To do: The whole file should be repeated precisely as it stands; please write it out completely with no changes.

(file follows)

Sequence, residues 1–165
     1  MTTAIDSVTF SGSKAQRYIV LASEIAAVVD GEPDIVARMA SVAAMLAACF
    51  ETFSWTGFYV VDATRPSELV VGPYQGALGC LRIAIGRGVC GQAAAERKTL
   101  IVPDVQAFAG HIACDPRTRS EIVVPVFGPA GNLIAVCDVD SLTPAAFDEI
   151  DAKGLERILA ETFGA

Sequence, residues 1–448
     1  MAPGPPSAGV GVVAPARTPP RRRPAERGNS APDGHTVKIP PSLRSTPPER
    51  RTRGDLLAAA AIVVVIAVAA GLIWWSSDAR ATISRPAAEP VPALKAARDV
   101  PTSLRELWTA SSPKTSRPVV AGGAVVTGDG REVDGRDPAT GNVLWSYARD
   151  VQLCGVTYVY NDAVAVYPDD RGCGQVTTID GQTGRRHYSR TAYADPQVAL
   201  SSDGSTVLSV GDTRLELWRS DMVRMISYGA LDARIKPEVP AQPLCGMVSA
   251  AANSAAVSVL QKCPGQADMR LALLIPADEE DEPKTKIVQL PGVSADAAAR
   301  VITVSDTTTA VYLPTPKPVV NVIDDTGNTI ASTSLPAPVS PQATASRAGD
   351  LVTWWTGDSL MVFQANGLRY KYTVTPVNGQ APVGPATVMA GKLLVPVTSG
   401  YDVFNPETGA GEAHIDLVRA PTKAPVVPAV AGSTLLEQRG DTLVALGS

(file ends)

Sequence, residues 1–165
     1  MTTAIDSVTF SGSKAQRYIV LASEIAAVVD GEPDIVARMA SVAAMLAACF
    51  ETFSWTGFYV VDATRPSELV VGPYQGALGC LRIAIGRGVC GQAAAERKTL
   101  IVPDVQAFAG HIACDPRTRS EIVVPVFGPA GNLIAVCDVD SLTPAAFDEI
   151  DAKGLERILA ETFGA

Sequence, residues 1–448
     1  MAPGPPSAGV GVVAPARTPP RRRPAERGNS APDGHTVKIP PSLRSTPPER
    51  RTRGDLLAAA AIVVVIAVAA GLIWWSSDAR ATISRPAAEP VPALKAARDV
   101  PTSLRELWTA SSPKTSRPVV AGGAVVTGDG REVDGRDPAT GNVLWSYARD
   151  VQLCGVTYVY NDAVAVYPDD RGCGQVTTID GQTGRRHYSR TAYADPQVAL
   201  SSDGSTVLSV GDTRLELWRS DMVRMISYGA LDARIKPEVP AQPLCGMVSA
   251  AANSAAVSVL QKCPGQADMR LALLIPADEE DEPKTKIVQL PGVSADAAAR
   301  VITVSDTTTA VYLPTPKPVV NVIDDTGNTI ASTSLPAPVS PQATASRAGD
   351  LVTWWTGDSL MVFQANGLRY KYTVTPVNGQ APVGPATVMA GKLLVPVTSG
   401  YDVFNPETGA GEAHIDLVRA PTKAPVVPAV AGSTLLEQRG DTLVALGS